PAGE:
Question 491.— M & Co. are in the habit of discounting with their bankers sight drafts against shipments of produce to the United States. One of the drafts for $75, was returned dishonoured and charged to the account of M & Co., increasing their overdraft to $150. Some time afterwards the firm sent the bank for discount their note for $100, endorsed by another party, and the proceeds of this note were remitted by the bank to M & Co. When the note fell due the firm sent the bank $100 to take it up, but the bank credited the amount instead to the overdrawn account and protested the note. Would the bank have recourse to the endorser ?

Answer.—Upon the statement that the $100 was sent the bank to pay the note, the bank would have no right to apply it upon the other debt. The debtor has the right, when paying money, to appropriate it to any indebtedness which he may specify, and the creditor cannot change the appropriation without the debtor's consent. Therefore the note of $100 must be regarded as paid and the endorser discharged.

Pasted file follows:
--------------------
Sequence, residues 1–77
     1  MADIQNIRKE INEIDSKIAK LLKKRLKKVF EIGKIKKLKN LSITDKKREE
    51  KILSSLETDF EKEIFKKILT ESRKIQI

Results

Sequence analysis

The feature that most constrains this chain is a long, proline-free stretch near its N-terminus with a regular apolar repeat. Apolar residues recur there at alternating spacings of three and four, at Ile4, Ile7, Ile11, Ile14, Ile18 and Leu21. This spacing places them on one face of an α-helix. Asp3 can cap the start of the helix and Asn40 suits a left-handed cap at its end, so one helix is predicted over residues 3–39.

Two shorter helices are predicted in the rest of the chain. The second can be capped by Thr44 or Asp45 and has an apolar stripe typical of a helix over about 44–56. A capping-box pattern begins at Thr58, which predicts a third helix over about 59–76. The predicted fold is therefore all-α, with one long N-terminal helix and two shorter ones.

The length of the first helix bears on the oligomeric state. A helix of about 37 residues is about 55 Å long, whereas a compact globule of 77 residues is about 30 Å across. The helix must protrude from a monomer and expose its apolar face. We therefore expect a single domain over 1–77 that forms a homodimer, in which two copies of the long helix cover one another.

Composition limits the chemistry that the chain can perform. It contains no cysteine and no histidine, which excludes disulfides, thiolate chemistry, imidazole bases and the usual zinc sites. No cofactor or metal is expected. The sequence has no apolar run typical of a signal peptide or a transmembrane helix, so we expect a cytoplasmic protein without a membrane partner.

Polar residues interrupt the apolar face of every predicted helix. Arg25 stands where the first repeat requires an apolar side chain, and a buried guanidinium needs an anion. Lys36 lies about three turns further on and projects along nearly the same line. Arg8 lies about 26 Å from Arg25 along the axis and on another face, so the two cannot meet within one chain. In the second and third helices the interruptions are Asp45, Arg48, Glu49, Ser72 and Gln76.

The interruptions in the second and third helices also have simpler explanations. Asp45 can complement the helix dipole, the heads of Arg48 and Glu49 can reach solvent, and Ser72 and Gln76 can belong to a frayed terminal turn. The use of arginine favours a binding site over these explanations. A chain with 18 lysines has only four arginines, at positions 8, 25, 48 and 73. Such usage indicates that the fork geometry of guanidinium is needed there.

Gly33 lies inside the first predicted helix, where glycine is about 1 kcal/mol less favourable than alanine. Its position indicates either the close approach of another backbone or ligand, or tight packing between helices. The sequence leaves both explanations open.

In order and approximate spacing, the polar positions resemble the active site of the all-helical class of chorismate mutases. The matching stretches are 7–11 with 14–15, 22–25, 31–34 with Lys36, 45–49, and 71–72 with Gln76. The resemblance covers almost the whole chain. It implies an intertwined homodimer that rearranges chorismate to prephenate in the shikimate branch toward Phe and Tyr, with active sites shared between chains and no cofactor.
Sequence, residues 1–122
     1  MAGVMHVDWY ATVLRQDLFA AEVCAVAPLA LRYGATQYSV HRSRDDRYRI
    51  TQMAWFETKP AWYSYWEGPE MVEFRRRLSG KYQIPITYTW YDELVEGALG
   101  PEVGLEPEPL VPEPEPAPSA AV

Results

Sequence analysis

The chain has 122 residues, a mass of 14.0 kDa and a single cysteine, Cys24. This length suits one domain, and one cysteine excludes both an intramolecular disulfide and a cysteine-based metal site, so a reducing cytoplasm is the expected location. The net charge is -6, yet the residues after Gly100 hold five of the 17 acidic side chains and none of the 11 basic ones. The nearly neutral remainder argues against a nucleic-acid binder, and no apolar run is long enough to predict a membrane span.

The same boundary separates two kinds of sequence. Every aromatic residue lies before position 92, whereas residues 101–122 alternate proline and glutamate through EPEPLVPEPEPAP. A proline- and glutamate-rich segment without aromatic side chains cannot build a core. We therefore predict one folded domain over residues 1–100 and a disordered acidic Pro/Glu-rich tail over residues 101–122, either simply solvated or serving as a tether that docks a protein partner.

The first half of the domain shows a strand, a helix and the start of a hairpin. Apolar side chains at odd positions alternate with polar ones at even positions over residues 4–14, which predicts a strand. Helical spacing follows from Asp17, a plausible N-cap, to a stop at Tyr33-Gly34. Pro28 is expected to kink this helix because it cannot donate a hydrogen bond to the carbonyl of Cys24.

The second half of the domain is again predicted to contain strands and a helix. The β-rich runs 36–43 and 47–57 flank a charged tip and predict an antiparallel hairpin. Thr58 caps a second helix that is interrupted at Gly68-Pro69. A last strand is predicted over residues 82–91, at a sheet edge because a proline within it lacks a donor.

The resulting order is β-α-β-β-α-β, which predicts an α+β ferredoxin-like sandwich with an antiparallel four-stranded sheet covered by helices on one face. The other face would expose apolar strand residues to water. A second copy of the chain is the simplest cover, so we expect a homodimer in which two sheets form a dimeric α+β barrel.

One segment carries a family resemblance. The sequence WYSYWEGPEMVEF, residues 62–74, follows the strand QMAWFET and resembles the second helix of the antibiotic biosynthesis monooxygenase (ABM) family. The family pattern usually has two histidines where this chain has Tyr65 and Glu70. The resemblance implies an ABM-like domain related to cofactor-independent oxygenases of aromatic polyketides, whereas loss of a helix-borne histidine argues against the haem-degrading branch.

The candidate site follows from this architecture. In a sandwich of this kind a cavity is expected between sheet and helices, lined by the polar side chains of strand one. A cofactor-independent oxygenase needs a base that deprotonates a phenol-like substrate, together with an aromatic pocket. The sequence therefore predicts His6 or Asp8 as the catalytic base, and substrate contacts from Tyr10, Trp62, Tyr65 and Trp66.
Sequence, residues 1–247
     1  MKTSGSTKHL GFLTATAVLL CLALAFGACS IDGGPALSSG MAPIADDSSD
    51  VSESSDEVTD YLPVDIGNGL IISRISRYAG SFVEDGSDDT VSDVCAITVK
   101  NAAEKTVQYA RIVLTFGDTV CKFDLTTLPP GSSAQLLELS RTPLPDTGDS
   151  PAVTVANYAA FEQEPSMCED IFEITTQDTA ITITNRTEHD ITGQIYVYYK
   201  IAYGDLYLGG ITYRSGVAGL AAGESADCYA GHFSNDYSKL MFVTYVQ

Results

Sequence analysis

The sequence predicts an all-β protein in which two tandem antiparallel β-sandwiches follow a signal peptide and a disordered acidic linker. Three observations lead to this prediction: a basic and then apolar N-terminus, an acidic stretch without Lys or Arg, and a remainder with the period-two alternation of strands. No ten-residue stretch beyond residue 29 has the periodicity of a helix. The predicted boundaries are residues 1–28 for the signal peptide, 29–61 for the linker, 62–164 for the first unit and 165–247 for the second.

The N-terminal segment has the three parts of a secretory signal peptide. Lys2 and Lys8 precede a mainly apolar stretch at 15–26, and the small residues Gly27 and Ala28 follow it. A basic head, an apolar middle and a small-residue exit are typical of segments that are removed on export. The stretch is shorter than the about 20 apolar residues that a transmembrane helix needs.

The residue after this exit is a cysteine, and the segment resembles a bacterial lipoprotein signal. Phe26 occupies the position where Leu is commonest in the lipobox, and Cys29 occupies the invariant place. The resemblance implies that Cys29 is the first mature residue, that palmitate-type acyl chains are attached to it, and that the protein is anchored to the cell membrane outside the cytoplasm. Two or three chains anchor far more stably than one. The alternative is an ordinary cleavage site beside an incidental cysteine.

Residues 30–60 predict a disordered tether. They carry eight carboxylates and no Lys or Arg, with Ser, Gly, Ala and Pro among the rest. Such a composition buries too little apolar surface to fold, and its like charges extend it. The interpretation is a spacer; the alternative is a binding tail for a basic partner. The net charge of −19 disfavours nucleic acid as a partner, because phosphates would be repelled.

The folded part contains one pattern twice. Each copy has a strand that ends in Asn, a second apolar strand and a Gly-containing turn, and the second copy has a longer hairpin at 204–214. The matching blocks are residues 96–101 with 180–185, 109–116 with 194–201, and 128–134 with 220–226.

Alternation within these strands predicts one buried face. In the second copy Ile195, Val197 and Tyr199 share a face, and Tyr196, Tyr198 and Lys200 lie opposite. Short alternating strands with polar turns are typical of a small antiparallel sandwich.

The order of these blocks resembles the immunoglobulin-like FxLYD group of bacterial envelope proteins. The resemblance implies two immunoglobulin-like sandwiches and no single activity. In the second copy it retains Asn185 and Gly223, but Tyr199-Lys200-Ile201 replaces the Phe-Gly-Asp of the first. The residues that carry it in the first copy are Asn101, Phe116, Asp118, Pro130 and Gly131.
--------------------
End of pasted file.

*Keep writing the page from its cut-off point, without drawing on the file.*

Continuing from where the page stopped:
On the general subject of appropriation of payments the case In re Exchange Bank; The Queen v. Ogilvy, will be found instructive. (Journal, Vol. 5, p. 258.)